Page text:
Tapioca pearls have many unique properties that contribute to texture and mouth feel. Many of these physical properties are a result of its starch composition and are significantly affected by processing.
Tapioca pearls are characteristically soft and chewy, with a prominent elastic texture and translucent appearance. The cassava plant is easily propagated by stem-cutting, grows well in low-nutrient soils, and can be harvested every two months, although it takes ten months to grow to full maturity.
The plant provided much needed carbohydrates and other nutrients. Tapioca root can be used to manufacture biodegradable bags developed from a tapioca resin of the plant as a viable plastic substitute.
Not only is it biodegradable, but it can be composted , is renewable , reusable , recyclable and sustainable. Other tapioca resin products include reusable gloves, capes and aprons.
Tapioca starch, used commonly for starching shirts and garments before ironing , may be sold in bottles of natural gum starch to be dissolved in water or in spray cans.
In Brazilian cuisine , tapioca is used for different types of meals. In beiju or biju , the tapioca is moistened, strained through a sieve to become a coarse flour, then sprinkled onto a hot griddle or pan, where the heat makes the starchy grains fuse into a flatbread which resembles a grainy pancake.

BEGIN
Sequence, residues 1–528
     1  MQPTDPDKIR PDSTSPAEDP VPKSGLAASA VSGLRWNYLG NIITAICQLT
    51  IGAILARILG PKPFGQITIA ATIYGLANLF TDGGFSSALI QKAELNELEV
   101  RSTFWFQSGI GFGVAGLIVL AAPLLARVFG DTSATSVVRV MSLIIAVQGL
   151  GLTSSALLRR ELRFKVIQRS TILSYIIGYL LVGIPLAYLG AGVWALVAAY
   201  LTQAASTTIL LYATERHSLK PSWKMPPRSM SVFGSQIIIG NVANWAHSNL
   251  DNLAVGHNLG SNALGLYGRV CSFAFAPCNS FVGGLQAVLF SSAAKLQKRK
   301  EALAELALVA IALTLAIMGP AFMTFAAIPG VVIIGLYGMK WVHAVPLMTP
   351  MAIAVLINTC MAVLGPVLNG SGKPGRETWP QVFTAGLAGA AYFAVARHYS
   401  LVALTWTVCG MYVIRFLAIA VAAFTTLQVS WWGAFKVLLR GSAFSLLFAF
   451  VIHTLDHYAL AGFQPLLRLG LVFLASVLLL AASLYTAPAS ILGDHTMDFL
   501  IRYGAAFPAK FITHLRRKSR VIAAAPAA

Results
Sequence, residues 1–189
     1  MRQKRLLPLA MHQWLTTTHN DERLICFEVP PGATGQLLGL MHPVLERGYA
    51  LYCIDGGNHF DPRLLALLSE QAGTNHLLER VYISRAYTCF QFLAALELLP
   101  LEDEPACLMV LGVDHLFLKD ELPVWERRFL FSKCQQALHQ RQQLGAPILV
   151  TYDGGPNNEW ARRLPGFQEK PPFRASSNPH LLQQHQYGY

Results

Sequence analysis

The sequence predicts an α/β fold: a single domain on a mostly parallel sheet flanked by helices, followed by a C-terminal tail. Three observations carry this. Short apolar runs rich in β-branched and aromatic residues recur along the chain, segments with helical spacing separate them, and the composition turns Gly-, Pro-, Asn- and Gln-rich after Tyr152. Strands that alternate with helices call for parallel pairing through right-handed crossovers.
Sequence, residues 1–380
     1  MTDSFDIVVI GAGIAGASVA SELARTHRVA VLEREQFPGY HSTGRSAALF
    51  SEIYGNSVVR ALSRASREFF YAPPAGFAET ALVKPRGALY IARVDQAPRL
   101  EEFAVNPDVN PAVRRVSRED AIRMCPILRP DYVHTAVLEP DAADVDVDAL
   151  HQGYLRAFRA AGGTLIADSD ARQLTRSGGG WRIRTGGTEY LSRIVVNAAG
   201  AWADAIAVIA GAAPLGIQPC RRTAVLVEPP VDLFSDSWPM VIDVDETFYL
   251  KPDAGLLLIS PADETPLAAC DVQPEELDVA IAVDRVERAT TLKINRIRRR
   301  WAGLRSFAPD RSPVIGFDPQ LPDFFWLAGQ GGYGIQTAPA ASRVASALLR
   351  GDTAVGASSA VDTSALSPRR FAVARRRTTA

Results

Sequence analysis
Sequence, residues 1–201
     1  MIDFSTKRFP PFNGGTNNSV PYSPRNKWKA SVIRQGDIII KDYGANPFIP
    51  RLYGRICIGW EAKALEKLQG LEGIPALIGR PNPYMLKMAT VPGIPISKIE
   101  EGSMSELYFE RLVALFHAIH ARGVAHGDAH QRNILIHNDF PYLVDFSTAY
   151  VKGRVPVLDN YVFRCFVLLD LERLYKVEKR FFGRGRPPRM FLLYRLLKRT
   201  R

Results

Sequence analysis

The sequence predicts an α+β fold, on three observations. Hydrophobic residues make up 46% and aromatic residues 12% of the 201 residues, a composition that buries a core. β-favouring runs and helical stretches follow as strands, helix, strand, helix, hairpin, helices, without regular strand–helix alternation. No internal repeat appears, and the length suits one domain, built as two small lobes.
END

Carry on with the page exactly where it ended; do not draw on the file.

Then it may be buttered and eaten as a toast its most common use as a breakfast dish , or it may be filled or topped with either salgados salty pastry recipes or doces sweet pastry recipes , which define the kind of meal the tapioca is used for: Choices for fillings range from butter, cheese, ham, bacon, various kinds of meat , chocolate , fruits such as ground coconut, condensed milk , chocolate with sliced pieces of banana or strawberry , among others.
This kind of tapioca dish is usually served warm. A regional dessert called sagu is also made in Southern Brazil from tapioca pearls cooked with cinnamon and cloves in red wine.
The cassava root is known by different names throughout the country: The fine-grained tapioca starch is called polvilho, and it is classified as either "sweet" or "sour".
The final result is an aromatic, chewy and elastic kind of bread that is ubiquitous across the country. In Colombia and Venezuela , arepas may be made with tapioca flour rather than cornmeal.
Tapioca arepas probably predate cornmeal arepas; [ citation needed ] among traditional cultures of the Caribbean the name for them is casabe.
While frequently associated with tapioca pudding, a dessert in the United States, tapioca is also used in other courses.